Jared Thorp, firefighter/paramedic with the DeKalb Fire Department, received the state’s highest award for bravery and heroism.  On July 5, 2016, while off-duty and without hesitation or protective equipment, Jared entered a burning structure several times in an effort to locate and save an unconscious victim.  The individual was rescued with the help of fellow firefighters and paramedics from DeKalb Companies #1 and #2, despite rapidly deteriorating fire conditions and the possibility of extreme personal risk.  Congratulations!
Jared Thorp (above) and Engine Companies #2 and #1 members with their unit citations.
DeKalb Engine Company #2: Lieutenant Brett Gautcher and Firefighters/Paramedics Todd Adamson, Chris Krupa and Tim Stiker.  DeKalb Ladder Company #1: Captain Mike Thomas and Firefighters/Paramedics Matt Holuj, Matthew Klotz, Jon Ritter and Andrew Romano.
Local Students’ Art Exhibited at the Capitol
Art adds an essential dimension to one’s growth and development.  Educators point out increased creativity, attention to detail, perspective, problem solving, hand-eye coordination and concentration.  Lt. Governor Evelyn Sanguinetti and visitors to the state capitol this past week got to see these elements at work in pieces of art created by students from our district. 
On display were the winners of my annual middle school art contest.  The judges picked three pieces created by 8th graders that involved a landscape and animals using pencil and paint. 
Lt. Governor Sanguinetti and the winning works of art by 8th graders 
 First Place was given to a piece created by Amber Jewel Francisco from Burlington Central Middle School.  Her vivid use of color and detail in a piece titled, “Home” captured the judges’ critical eye.  Second Place, drawn by Evelyn Rodriquez also from Burlington Central Middle School, was an amazing use of pencil that could be found on some of the finest greeting cards.  Evelyn and her family came to the capitol to discuss how art has influenced her life.  Another amazing piece by Zoie Cooley from Harter Middle School at Kaneville, earned runner-up honors for her unusual perspective of a horse.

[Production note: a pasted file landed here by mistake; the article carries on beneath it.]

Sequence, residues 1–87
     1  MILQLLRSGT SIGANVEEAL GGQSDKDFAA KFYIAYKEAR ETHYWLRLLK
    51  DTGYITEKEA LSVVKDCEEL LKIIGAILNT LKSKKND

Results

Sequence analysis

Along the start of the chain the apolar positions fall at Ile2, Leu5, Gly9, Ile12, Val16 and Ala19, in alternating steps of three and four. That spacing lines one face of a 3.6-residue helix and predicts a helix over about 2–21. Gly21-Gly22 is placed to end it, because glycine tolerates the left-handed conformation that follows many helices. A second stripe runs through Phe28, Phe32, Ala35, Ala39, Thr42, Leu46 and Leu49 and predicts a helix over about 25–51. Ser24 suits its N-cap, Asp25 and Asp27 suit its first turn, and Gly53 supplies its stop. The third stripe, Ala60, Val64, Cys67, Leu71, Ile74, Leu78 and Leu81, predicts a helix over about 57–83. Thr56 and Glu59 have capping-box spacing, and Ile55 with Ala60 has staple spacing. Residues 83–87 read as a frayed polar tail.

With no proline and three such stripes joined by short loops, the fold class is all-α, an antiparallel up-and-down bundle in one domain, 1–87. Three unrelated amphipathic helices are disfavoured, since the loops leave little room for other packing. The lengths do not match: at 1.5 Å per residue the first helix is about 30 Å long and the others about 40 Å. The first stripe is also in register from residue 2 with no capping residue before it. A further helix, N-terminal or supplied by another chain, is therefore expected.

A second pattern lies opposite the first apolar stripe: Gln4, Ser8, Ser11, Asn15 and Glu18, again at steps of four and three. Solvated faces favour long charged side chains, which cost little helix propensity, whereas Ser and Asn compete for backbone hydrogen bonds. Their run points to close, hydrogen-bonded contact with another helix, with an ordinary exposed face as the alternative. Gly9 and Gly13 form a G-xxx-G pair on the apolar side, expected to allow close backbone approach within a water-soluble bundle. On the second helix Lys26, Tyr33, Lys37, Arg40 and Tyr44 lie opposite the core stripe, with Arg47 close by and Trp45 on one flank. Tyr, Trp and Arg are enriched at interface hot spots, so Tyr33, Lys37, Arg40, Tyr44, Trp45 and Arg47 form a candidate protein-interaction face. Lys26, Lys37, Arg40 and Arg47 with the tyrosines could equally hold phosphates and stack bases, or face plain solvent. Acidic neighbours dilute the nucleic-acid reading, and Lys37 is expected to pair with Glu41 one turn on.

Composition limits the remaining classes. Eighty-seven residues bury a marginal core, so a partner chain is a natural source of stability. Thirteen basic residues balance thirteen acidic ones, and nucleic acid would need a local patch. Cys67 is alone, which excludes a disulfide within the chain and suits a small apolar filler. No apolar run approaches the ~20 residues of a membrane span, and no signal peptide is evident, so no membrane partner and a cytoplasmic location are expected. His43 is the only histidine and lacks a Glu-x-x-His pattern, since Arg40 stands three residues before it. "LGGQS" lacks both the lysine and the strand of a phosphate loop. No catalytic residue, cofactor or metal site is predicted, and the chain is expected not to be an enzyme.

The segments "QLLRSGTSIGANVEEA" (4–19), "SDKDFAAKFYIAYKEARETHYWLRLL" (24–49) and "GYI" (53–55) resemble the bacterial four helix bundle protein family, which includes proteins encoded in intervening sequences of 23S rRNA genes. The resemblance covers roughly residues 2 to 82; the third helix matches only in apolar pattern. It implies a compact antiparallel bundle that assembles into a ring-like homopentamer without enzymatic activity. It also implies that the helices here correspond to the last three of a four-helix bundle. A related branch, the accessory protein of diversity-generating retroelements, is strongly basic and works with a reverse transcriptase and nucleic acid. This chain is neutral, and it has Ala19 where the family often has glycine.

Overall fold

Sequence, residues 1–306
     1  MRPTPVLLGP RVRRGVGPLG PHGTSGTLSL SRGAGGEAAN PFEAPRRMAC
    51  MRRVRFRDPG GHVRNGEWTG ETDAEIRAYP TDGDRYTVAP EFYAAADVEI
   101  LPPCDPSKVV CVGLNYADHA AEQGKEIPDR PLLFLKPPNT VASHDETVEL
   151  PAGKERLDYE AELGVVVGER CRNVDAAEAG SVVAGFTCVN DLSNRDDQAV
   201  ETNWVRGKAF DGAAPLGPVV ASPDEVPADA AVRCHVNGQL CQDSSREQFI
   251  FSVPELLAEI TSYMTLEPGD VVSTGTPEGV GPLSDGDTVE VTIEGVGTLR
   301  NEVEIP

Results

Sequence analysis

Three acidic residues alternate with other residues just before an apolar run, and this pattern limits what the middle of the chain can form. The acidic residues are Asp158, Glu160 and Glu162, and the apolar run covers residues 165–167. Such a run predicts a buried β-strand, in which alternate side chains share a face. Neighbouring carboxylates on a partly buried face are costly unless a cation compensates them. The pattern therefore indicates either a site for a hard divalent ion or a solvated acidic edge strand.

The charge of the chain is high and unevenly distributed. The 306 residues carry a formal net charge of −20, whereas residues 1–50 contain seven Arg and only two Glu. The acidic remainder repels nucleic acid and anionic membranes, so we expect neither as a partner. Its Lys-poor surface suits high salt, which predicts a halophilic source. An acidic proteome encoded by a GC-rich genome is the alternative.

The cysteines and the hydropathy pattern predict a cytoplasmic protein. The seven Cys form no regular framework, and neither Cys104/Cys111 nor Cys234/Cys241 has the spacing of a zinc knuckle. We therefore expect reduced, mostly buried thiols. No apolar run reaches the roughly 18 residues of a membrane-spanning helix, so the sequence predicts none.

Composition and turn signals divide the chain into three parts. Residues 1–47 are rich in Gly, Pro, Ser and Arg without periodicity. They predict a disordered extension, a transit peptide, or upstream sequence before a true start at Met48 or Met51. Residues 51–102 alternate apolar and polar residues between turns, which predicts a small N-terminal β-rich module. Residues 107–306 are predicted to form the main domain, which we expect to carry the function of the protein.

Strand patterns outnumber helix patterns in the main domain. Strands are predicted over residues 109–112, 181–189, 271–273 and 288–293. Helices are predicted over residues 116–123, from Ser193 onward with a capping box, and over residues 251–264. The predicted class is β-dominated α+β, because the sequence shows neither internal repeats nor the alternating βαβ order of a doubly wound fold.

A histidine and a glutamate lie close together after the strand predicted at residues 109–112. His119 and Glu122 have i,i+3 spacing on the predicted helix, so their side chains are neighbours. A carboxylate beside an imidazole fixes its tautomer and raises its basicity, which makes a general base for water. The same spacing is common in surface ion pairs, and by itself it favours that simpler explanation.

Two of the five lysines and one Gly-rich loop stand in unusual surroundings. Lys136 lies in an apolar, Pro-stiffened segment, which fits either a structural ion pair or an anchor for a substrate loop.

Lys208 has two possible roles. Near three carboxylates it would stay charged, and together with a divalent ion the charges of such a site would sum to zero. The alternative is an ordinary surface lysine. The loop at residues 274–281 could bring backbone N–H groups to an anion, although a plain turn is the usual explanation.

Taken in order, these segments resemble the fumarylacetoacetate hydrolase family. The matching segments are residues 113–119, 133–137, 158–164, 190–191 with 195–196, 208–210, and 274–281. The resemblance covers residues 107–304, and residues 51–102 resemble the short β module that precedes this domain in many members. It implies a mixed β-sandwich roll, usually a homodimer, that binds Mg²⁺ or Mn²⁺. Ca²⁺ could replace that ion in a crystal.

We Should Not Abandon Affordable Higher Education
This year marks the 150th anniversary of action by the General Assembly to accept federal resources for the establishment of a “Land-Grant” university—the University of Illinois.  The concept of a university created for the common people to address “more practical subjects” was inspired by Jonathan Baldwin Turner of Jacksonville.  
Turner believed “Education should be practical as well as academic, and it should not be the monopoly of the privileged few, but rather the right of everyone who has the desire and the ability to learn.”
Written into legislation that was signed by President Abraham Lincoln in 1862, the Morrill Act fundamentally changed higher education and research for not only Illinois but also the United States.  Combined with other legislation signed that year by Lincoln authorizing the Transcontinental Railroad, the Homestead Act, and the Department of Agriculture, the stage was set for innovation and progress in our country unparalleled in the world yet today.
Key to our progress has been the principal that quality university education benefits all--it is truly a public good.  As such, the cost of that education should not just for paid by the individual through tuition but made affordable through public tax support. 
We have seen a massive defunding of public support for higher education in Illinois over the past 17 years.  The legislature has put at risk the very policies that have contributed to our development and prosperity.  It is time to change course and reclaim the philosophy of Turner that an educated population not only secures economic success for all but also our democracy.

Have a great week and call my District Office to share your opinions or if I can be of assistance.